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Ralph Towner - Solstice CD (album) cover


Ralph Towner

Jazz Rock/Fusion

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Chris S
Honorary Collaborator
4 stars Well it absolutely fantastic to see Ralph Towner added to Progressive Archives. An important ECM artist for mostly minimalist jazz instrumentals, alongside the likes of Jan Garbarek and Eberhard Weber or even keyboardist Keith Jarrett.

What needs to be said about Solstice? An absolutely stunning aural tapestry of sound encompassing all the characteristics one would feel or find with Winter, distant sun, weak sunlight, falling leaves or still frozen lakes and driven snow. It's depiction of this mood is so accurately kicked off with the splendid Oceanus. Towner's 12 string guitar is simply beautiful as is Garbarek's flute. A major highlight throughout Solstice is Eberhard Weber's bass and cello playing too. The musicianship holds this album together extremely well and being under the ECM banner/or progressive sound one can tell on listening and appreciating it why the music does not age at all. Anyway "Oceanus" take the listener on a swirling 11 minute ride before the alien song called ' Visitation' steps in. Perhaps one of the few songs that really does send shivers down the spine when depicting the possibilities of alien life. The most unusual track on the album but not unpleasant, reminds the reviewer morelike of amoeba and still pond life in midst of Winter. ' Drifting Petals" closes side one and is a beautiful seven minute passage and in the reviewers opinion the most accessible song on Solstice. Side two follows with ' Nimbus' which is an extremely clever piece of music with quirky time signatures as Weber and Towner interchange expertly between cello, bass and 12 string. Winter Solstice is next and here and the next few songs is where Garbarek seems to have more license to play out the album with the exception of Piscean Dance.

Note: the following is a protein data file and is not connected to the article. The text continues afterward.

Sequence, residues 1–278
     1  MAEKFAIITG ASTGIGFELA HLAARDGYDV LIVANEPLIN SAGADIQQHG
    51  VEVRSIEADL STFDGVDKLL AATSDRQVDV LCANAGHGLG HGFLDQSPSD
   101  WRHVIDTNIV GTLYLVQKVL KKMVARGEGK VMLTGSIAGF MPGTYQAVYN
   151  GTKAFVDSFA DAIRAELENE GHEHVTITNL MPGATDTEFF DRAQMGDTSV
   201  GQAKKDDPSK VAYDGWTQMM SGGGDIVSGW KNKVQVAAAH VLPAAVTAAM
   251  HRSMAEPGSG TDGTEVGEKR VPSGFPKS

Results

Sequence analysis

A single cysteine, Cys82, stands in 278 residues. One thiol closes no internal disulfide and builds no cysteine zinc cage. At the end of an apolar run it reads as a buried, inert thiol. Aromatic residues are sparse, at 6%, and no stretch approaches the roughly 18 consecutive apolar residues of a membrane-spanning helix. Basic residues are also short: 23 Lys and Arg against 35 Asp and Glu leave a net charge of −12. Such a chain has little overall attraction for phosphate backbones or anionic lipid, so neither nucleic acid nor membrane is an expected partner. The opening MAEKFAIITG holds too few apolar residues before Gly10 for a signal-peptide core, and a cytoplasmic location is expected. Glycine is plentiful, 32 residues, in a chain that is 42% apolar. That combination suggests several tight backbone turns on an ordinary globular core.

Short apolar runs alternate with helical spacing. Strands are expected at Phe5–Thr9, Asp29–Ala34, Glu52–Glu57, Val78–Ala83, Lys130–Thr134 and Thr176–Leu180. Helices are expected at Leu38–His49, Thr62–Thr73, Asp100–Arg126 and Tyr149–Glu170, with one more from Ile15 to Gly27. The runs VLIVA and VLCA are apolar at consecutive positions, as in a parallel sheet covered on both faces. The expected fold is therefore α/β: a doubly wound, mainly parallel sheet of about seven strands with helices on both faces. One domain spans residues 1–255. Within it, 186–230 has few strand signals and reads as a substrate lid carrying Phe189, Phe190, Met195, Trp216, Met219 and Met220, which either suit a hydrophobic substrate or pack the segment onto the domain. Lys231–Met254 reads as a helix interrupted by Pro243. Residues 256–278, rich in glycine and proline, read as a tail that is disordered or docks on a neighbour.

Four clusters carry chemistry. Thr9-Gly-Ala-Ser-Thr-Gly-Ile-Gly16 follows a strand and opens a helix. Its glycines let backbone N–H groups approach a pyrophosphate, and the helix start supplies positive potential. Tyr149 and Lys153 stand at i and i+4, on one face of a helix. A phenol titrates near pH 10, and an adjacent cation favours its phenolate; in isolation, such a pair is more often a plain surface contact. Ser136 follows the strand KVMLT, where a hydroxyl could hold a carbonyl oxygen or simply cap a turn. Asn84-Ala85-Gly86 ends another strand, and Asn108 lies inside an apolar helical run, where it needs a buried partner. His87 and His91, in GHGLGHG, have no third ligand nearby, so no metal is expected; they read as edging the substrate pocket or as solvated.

In summary this album would have received a fiver star rating had the album not dissipated so readily after Winter Solstice. It is an exceptional work that will require repeated listens by people new to RT before fully appreciating how important this work is.Four and a half stars.

Report this review (#289703)
Posted Thursday, July 8, 2010 | Review Permalink
Honorary Collaborator
5 stars This album is one of cornerstone of European modern jazz. Excellent expressionist sound pictures painted by Towner's guitar, ECM founder Eberhard's bass, great jazz drummer Jon Hristensen and Nordic trumpet genius Jan Garbarek just build all the basis for what will be named "ECM sound" later.

Cool, aerial, melancholic, but Nordic- not too much sensitive, compositions, showed that improv jazz music could be not only interesting, but beautiful as well. Possibly, the best Towner work to time, at the same time is one of the best trumpeter's Jan Garbarek work as well! It is more than enough to name this album excellent.

Album's opener - 10 minutes long "Ocean" shows to listener all he must to know about this album. If you like Nordic jazz, you will love this song as well. After you heard the opener, you are ready to listen all the album. Every composition is excellent, but you know now what to wait.

Music fluctuates between folksy jazz improvs and acoustic fusion, being free and beautiful at the same time. Rare combination of accessibility and complexity.

If you're newbie to Ralph Towner, Jan Garbarek, or ECM sound in whole, just start there. Possibly you will find your new interest in music.

My rating is 4+.

Report this review (#290005)
Posted Monday, July 12, 2010 | Review Permalink
4 stars On Solstice, Ralph Towner presents a style of fusion which sometimes musters the volcanic fury of the Mahavishnu Orchestra, but just as often explores more downbeat and melancholy territory than fusion usually deals with. As a genre whose fans prize fast, technical playing, fusion doesn't often do "quiet", but Towner manages to pull it off brilliantly here, helping to establish the basis of the distinctive ECM sound along the way. And amazingly enough, it's mostly improvised too! Towner's Northern European backing band prove to be more than capable of supporting Towner's vision, and whilst the album might not be one of the more famous products of the fusion era, it's certainly one of the more original ones.
Report this review (#1014752)
Posted Friday, August 9, 2013 | Review Permalink

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